Pinker’s polemical scientism was clearly designed to enthrall and enrage in equal measure and to this extent I can simply light the touch paper by pointing the reader to John Gray’s review in the New Statesman.
I am not really that interested in Pinker’s book. It is flawed from too many angles. Moreover, the academics and cultural pessimists that he blames are generally sociologists and critical theorists such as my old friend Zygmunt Bauman and the terror of modernity himself, Slavoj Žižek. And yet I could not escape a vague sense of uneasiness; a feeling that in some oblique and indirect way there might be a link between the critique of the ‘new optimists’ and the psycho-analytic temperament of political science. Not only has the discipline’s longstanding focus upon ‘endism’, crises, and failure been well documented, even its more quantitative approaches tend to be laden with fairly pessimistic assumptions about human nature.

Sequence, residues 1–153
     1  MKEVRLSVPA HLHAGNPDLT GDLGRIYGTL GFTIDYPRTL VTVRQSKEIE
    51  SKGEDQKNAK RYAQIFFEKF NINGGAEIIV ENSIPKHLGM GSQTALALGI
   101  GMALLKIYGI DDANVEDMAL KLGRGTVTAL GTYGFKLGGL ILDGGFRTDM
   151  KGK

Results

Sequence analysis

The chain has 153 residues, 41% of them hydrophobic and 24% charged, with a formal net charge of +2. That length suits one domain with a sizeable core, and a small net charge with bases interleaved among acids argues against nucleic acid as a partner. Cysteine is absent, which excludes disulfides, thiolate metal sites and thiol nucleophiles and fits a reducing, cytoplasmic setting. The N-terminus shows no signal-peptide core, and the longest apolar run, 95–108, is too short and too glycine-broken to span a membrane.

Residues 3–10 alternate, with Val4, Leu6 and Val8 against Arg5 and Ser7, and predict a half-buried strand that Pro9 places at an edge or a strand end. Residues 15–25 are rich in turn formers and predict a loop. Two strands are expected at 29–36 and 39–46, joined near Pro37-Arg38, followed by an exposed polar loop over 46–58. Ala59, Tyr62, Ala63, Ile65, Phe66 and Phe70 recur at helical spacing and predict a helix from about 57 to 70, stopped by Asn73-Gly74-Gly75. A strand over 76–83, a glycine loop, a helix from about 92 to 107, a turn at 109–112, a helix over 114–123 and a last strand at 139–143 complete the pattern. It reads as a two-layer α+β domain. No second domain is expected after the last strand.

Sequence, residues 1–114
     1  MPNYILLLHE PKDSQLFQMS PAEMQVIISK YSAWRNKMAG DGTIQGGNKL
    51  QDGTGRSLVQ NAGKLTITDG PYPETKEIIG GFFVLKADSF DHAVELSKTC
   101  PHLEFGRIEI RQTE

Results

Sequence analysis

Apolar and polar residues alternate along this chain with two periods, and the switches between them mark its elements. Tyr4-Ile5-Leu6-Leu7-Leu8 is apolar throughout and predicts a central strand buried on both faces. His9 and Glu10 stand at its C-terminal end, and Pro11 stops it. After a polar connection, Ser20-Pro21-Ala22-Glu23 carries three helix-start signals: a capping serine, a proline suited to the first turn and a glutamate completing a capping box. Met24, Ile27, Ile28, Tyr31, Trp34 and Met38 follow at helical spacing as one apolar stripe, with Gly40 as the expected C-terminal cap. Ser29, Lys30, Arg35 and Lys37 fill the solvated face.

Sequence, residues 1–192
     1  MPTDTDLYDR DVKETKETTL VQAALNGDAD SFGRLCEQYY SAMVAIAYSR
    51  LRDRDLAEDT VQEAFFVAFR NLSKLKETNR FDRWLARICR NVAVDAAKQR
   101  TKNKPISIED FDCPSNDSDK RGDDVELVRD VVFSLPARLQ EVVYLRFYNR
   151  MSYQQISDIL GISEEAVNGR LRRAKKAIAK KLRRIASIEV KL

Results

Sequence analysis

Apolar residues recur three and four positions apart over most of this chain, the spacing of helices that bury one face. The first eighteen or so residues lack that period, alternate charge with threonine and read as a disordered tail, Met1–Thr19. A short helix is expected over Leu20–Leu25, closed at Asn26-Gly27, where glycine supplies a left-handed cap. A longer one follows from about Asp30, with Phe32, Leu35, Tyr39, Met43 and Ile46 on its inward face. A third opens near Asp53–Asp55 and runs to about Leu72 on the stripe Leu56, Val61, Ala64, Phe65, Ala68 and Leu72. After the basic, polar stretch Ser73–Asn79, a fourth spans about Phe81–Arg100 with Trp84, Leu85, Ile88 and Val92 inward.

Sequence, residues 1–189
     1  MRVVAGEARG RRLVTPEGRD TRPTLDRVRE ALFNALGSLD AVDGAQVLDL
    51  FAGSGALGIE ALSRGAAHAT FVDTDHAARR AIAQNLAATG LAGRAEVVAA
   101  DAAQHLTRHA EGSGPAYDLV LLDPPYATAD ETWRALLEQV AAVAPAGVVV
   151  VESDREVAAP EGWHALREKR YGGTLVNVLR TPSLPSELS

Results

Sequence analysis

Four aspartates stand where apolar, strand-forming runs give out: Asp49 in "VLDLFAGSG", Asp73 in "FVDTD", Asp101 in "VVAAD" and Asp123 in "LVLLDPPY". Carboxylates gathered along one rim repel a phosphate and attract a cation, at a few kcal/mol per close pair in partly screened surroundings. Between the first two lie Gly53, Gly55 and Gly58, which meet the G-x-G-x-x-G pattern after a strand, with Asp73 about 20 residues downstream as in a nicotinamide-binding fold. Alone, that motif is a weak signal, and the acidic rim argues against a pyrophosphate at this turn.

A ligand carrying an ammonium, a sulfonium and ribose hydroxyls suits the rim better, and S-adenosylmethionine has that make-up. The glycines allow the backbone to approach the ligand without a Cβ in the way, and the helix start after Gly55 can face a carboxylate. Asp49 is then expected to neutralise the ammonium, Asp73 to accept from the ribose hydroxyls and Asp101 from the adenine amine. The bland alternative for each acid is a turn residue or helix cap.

I am, of course, and out of necessity, painting with such thick strokes on such a wide canvas that my argument may not tolerate stress-testing through detailed investigation, but humor me for just a little while longer and consider the titles of the leading books on democratic politics and performance in recent years.
- The End of Politics (Boggs, 2000)
- Democratic Challenges, Democratic Choices (Dalton, 2004)
- Why We Hate Politics (Hay, 2007)
- The Life and Death of Democracy (Keane, 2009)
- Saving Democracy from Suicide (Lee, 2012)
- Uncontrollable Societies and Disaffected Individuals (Stiegler, 2013)
- Democracy Against Itself (Chou, 2014)
- Against Elections (Van Reybrouck, 2016)
- Four Crises of American Democracy (Roberts, 2017)
- Democracy in Chains (MacLean, 2017)
- How Democracy Ends (Runciman, 2018)
- Suicide of the West (Goldberg, 2018)
- The People Versus Democracy (Mounck, 2018)